Modeling Foam Flow in Porous Media and Applications to Eor and Acidization




Zhou, Zuhui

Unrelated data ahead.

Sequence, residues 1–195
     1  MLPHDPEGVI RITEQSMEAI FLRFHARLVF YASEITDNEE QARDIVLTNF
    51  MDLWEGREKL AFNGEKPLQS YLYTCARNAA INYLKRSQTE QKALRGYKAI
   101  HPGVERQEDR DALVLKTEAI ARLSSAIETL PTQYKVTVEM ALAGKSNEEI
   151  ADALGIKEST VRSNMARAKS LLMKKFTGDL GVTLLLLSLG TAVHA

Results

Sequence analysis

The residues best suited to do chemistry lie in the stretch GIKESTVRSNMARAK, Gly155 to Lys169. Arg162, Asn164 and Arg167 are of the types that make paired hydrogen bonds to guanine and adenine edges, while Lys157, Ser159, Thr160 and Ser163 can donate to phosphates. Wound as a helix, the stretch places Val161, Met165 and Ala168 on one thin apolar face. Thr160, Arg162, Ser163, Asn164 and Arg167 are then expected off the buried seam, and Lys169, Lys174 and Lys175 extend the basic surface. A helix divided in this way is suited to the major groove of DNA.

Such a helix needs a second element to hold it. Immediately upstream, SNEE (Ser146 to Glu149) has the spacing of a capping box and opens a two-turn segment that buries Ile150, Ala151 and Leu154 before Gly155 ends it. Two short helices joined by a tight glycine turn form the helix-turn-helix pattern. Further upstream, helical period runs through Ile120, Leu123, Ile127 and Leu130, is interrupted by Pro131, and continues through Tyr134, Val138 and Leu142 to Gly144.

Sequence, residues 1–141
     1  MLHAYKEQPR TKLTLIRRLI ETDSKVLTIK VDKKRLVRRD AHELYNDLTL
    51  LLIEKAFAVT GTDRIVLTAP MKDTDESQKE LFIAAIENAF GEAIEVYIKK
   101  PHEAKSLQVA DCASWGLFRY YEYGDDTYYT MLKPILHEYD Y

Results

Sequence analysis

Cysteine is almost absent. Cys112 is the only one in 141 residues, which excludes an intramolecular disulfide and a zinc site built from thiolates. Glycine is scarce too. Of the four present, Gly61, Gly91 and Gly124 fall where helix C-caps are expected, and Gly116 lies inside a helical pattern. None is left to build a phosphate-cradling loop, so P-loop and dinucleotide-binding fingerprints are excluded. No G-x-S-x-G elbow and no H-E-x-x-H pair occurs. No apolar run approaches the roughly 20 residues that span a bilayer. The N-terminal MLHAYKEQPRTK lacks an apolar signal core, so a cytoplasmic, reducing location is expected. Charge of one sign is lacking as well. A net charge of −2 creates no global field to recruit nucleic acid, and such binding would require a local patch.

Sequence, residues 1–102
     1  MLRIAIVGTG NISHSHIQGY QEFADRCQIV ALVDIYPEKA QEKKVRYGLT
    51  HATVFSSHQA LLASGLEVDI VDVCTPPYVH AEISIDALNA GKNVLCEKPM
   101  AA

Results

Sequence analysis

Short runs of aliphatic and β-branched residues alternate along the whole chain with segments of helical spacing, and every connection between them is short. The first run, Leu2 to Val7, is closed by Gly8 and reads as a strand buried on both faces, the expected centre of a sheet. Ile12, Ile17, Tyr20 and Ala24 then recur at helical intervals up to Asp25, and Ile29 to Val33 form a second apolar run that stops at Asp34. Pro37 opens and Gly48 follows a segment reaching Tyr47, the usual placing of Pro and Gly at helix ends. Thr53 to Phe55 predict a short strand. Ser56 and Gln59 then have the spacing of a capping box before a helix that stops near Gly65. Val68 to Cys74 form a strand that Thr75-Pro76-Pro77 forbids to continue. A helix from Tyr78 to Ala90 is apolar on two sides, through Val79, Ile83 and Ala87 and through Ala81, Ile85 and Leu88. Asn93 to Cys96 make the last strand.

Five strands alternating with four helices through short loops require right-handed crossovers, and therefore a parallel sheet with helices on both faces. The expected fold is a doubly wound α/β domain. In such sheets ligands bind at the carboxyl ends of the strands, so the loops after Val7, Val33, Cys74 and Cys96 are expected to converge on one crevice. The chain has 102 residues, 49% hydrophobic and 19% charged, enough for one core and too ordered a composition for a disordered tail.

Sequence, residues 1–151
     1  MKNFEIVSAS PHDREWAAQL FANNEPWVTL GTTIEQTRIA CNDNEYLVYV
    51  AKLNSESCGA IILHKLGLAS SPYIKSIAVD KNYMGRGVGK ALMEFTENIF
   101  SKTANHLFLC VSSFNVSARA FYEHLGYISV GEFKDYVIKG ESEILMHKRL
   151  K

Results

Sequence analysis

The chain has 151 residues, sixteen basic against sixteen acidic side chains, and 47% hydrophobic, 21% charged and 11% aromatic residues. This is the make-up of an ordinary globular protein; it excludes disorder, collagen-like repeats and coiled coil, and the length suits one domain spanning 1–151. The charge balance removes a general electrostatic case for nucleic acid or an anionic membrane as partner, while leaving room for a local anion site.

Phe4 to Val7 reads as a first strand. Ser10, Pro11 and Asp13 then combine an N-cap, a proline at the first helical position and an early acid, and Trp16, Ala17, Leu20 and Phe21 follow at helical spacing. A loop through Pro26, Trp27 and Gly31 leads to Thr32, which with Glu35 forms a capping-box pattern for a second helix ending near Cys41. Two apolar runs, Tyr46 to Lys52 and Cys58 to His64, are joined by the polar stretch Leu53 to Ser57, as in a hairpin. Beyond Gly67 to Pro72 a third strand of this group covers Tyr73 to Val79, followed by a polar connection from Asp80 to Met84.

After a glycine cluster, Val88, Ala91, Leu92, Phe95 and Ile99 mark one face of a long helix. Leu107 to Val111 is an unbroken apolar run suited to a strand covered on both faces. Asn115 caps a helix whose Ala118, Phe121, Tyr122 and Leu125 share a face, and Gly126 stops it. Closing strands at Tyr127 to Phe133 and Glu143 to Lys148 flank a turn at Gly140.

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Foams are used in the petroleum industry to divert gas in enhanced oil recovery (EOR) processes and divert acid in matrix acidization treatments. These processes are exceedingly complex, but a model based on the "limiting capillary pressure" of foam greatly simplifies the quantitative description and design of foam processes. This dissertation describes this model and applies it to EOR and well stimulation. It may be possible to bypass the daunting complexities of modeling the changes of foam texture and non-Newtonian foam rheology. By using the model of the "limiting capillary pressure", surprisingly simple and powerful conclusions can be drawn for foam plugging and flow in homogeneous reservoirs in radial geometry and in heterogeneous reservoirs with layers either isolated or in capillary equilibrium. One application of the model is in improving sweep efficiency and oil recovery in gas-injection EOR processes. With fractional-flow theory, one can estimate the velocities of the front and rear edges of a foam bank with various initial conditions. surfactant retention levels, and chase fluids behind the foam. Moreover, one can estimate the mobility of each bank and the extent of flow diversion between layers, in linear or radial geometry. Fractional-flow analysis based on extrapolated laboratory data suggests that for continuous-injection foam processes, the best swfactant is one that drives water saturation to the lowest possible value at the injected foam quality and is sensitive to permeability. In contrast, for water-alternating-gas processes, the best foam is one that degrades over a range of water saturations. Another application of the model is to predict foam diversion in matrix acidization of sandstones. This model predicts that foams can efficiently divert acid into low-permeability layers because capillary pressure makes foam less stable in these layers. The greatest diversion is obtained when foam is preceded by a swfactant preflush and followed by an acid slug that is compatible with the foam. The key to the success of such a process is the ability of a surfactant solution to immobilize the gas in previously injected foam. A process in which acid is injected continuously with foam can also achieve effective diversion. However, our model suggests that better performance is obtained by separating the foam and foam-compatible-acid slugs, and preceding the foam with a surfactant preflush.


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